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Science, technology and risk perception: from gender differences to the effects made by gender

Henwood, Karen Linda, Parkhill, Karen and Pidgeon, Nicholas Frank 2008. Science, technology and risk perception: from gender differences to the effects made by gender. Equal Opportunities International 27 (8) , pp. 662-676. 10.1108/02610150810916730

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Abstract

Purpose – A longstanding quantitative finding from surveys of public perceptions of hazardous technologies is that women and men respondents tend to express different levels of concern when asked about environmental and technological hazards. Traditional psychometric risk perception research has provided extensive empirical descriptions of this “gender effect”, but is criticised for having less success in developing substantive theory linking observations to socio-cultural explanations to explicate this effect. The purpose of this paper is to build a theoretical platform to account for the existing empirical findings on gender and perceptions of risk. Design/methodology/approach – The paper presents a critical synthesis, drawing upon theory in contemporary risk research, gender theory, social studies of science and feminist studies of epistemology. Findings – A theoretical platform is developed concerning the operation of gender as a regulatory process involving norms and discourse. The role is identified of moral discourses, hegemonic masculinities/gender authenticity, and epistemic subjectivities as plausible ways of understanding the gender–risk effect in risk perception. Research limitations/implications – A novel theoretical exploration is provided of the relationship between gender and risk perceptions. Conceptual development in the gender and risk arena could be further refined by applying the theoretical platform developed here to empirical analyses and, to investigate its relevance to understanding how people discuss, deliberate and reason about risk issues. Originality/value – Much of the existing literature fails to offer adequately grounded theoretical explanations for the observed empirical finding on gender and risk. This paper is the first to utilise a non-essentialist reading of the gender-risk effect by developing the “effects made by gender” approach.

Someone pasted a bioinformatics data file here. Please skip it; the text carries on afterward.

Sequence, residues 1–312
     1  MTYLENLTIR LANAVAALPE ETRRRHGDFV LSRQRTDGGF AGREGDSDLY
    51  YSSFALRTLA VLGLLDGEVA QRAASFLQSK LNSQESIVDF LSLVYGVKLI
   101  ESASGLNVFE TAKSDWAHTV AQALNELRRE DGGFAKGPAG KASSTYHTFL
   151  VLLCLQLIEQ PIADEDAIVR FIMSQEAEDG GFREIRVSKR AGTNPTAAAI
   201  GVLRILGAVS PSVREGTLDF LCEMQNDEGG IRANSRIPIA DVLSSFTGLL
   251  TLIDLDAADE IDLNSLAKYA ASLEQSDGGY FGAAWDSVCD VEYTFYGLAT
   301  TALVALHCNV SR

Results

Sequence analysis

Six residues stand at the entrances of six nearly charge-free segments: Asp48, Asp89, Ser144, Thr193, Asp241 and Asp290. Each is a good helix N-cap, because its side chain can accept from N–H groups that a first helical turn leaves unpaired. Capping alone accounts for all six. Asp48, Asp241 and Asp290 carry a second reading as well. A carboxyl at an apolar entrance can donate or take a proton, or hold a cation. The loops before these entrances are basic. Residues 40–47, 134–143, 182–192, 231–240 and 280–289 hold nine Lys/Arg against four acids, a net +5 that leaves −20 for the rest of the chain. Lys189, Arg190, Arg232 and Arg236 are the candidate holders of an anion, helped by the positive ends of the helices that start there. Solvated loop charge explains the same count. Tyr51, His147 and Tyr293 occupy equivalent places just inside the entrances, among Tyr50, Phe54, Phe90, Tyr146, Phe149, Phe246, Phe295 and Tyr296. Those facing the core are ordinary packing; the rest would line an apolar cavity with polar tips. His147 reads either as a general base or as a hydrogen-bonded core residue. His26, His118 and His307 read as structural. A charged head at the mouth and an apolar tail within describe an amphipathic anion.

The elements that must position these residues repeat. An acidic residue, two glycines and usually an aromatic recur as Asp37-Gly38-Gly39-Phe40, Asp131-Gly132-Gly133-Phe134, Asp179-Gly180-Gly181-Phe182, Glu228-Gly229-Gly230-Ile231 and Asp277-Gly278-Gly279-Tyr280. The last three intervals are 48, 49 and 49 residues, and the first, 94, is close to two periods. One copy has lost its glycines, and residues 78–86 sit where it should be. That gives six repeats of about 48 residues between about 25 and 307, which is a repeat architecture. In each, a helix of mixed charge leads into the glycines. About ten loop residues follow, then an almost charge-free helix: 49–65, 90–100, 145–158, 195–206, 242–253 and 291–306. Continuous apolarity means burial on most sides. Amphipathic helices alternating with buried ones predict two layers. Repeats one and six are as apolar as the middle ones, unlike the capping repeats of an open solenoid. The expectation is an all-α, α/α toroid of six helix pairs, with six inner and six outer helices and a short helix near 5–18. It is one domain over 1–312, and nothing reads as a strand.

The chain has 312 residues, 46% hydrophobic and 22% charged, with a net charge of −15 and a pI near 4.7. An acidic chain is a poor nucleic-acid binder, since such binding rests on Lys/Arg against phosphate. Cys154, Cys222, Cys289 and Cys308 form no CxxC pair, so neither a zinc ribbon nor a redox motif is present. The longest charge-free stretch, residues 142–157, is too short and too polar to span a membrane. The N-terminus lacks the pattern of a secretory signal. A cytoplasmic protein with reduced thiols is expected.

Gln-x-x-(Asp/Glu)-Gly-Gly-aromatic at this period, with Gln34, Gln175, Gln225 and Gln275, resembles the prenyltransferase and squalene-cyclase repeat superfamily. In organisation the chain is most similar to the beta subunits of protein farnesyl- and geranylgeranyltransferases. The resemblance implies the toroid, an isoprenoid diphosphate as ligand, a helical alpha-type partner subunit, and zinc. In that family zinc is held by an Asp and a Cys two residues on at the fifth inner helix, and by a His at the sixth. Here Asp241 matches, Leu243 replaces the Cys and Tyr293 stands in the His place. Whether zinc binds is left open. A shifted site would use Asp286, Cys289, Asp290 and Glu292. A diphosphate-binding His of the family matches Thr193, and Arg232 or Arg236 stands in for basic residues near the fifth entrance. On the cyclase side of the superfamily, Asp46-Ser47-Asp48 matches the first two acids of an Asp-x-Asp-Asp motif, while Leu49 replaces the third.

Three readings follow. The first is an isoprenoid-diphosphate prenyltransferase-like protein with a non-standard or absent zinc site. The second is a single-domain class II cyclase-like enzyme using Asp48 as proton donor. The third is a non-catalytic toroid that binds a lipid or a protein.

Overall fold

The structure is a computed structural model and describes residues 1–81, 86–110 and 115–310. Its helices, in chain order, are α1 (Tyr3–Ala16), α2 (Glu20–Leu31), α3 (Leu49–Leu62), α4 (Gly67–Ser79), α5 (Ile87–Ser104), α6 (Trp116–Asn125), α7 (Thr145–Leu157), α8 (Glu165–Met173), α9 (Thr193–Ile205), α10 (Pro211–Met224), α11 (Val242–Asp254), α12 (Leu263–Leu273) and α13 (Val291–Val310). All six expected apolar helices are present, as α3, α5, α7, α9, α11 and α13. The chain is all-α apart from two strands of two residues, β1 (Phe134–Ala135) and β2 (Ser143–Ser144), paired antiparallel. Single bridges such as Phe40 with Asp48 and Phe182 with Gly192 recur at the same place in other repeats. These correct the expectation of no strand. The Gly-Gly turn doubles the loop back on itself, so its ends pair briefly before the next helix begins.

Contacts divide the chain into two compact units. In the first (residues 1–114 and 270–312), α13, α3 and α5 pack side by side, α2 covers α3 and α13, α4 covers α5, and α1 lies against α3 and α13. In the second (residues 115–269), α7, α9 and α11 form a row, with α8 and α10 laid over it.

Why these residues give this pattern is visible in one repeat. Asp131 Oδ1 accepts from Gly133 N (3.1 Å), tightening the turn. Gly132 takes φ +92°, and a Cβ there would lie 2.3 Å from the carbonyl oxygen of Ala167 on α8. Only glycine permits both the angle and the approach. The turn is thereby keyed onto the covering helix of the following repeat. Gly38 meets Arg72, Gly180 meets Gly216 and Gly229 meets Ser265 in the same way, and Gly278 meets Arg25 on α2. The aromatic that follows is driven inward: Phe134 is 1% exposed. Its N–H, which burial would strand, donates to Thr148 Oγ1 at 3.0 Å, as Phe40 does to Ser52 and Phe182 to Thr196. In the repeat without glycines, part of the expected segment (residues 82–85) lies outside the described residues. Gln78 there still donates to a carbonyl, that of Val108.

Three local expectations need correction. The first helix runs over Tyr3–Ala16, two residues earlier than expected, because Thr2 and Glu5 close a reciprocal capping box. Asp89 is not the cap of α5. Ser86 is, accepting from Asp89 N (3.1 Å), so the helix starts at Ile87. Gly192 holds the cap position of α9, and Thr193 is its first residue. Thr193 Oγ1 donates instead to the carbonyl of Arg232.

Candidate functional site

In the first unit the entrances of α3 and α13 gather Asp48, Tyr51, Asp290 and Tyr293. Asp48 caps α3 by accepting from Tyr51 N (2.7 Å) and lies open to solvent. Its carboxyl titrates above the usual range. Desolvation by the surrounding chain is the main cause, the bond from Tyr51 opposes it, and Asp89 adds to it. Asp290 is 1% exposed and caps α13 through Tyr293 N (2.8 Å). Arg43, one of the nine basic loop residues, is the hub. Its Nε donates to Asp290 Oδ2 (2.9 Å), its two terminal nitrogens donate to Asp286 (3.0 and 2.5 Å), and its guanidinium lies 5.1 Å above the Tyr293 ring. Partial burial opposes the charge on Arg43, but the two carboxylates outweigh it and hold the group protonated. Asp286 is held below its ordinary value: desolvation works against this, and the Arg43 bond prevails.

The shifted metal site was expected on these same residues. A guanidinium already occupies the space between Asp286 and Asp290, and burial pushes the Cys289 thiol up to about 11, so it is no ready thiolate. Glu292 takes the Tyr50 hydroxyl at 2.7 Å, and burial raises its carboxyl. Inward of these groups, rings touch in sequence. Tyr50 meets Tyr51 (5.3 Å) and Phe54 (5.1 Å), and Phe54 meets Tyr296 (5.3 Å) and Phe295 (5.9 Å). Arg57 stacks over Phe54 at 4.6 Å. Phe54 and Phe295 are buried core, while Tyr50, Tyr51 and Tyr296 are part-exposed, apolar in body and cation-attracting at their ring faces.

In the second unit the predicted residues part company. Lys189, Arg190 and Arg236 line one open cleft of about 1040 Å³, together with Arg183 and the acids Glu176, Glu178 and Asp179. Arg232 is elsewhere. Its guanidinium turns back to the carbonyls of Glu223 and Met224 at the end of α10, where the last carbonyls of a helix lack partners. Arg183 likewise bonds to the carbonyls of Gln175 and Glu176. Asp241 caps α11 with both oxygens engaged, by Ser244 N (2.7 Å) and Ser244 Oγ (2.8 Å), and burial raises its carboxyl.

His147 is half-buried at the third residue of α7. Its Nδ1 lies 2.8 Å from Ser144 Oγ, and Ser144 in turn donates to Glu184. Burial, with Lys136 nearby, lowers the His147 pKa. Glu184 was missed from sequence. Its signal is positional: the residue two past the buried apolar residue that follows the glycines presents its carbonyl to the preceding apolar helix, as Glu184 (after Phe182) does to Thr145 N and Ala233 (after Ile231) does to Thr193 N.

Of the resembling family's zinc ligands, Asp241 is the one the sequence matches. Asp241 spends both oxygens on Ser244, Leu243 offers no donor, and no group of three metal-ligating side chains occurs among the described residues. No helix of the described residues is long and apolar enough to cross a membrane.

Item Type: Article
Date Type: Publication
Status: Published
Schools: Psychology
Social Sciences (Includes Criminology and Education)
Subjects: H Social Sciences > H Social Sciences (General)
Q Science > Q Science (General)
T Technology > T Technology (General)
Uncontrolled Keywords: Gender, Hazards, Risk assessment
ISSN: 0261-0159
Last Modified: 04 Jun 2017 03:16
URI: http://orca.cf.ac.uk/id/eprint/19197

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